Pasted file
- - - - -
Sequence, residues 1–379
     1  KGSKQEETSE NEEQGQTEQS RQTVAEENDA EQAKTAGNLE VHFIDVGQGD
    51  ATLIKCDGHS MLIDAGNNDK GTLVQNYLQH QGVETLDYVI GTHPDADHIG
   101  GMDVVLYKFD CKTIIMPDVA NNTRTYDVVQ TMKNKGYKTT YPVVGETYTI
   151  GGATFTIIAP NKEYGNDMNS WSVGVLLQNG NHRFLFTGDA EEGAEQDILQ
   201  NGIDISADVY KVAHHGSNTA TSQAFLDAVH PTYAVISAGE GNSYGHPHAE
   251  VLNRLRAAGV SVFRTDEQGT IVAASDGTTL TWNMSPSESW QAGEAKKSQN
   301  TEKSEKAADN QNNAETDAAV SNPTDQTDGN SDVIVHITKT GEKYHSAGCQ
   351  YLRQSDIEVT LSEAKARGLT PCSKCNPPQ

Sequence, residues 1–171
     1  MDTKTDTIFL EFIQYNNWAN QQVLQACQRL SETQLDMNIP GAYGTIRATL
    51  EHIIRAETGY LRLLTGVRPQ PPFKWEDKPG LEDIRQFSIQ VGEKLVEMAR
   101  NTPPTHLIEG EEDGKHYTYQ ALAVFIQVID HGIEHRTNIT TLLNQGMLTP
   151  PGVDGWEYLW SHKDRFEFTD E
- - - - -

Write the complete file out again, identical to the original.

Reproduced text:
Sequence, residues 1–379
     1  KGSKQEETSE NEEQGQTEQS RQTVAEENDA EQAKTAGNLE VHFIDVGQGD
    51  ATLIKCDGHS MLIDAGNNDK GTLVQNYLQH QGVETLDYVI GTHPDADHIG
   101  GMDVVLYKFD CKTIIMPDVA NNTRTYDVVQ TMKNKGYKTT YPVVGETYTI
   151  GGATFTIIAP NKEYGNDMNS WSVGVLLQNG NHRFLFTGDA EEGAEQDILQ
   201  NGIDISADVY KVAHHGSNTA TSQAFLDAVH PTYAVISAGE GNSYGHPHAE
   251  VLNRLRAAGV SVFRTDEQGT IVAASDGTTL TWNMSPSESW QAGEAKKSQN
   301  TEKSEKAADN QNNAETDAAV SNPTDQTDGN SDVIVHITKT GEKYHSAGCQ
   351  YLRQSDIEVT LSEAKARGLT PCSKCNPPQ

Sequence, residues 1–171
     1  MDTKTDTIFL EFIQYNNWAN QQVLQACQRL SETQLDMNIP GAYGTIRATL
    51  EHIIRAETGY LRLLTGVRPQ PPFKWEDKPG LEDIRQFSIQ VGEKLVEMAR
   101  NTPPTHLIEG EEDGKHYTYQ ALAVFIQVID HGIEHRTNIT TLLNQGMLTP
   151  PGVDGWEYLW SHKDRFEFTD E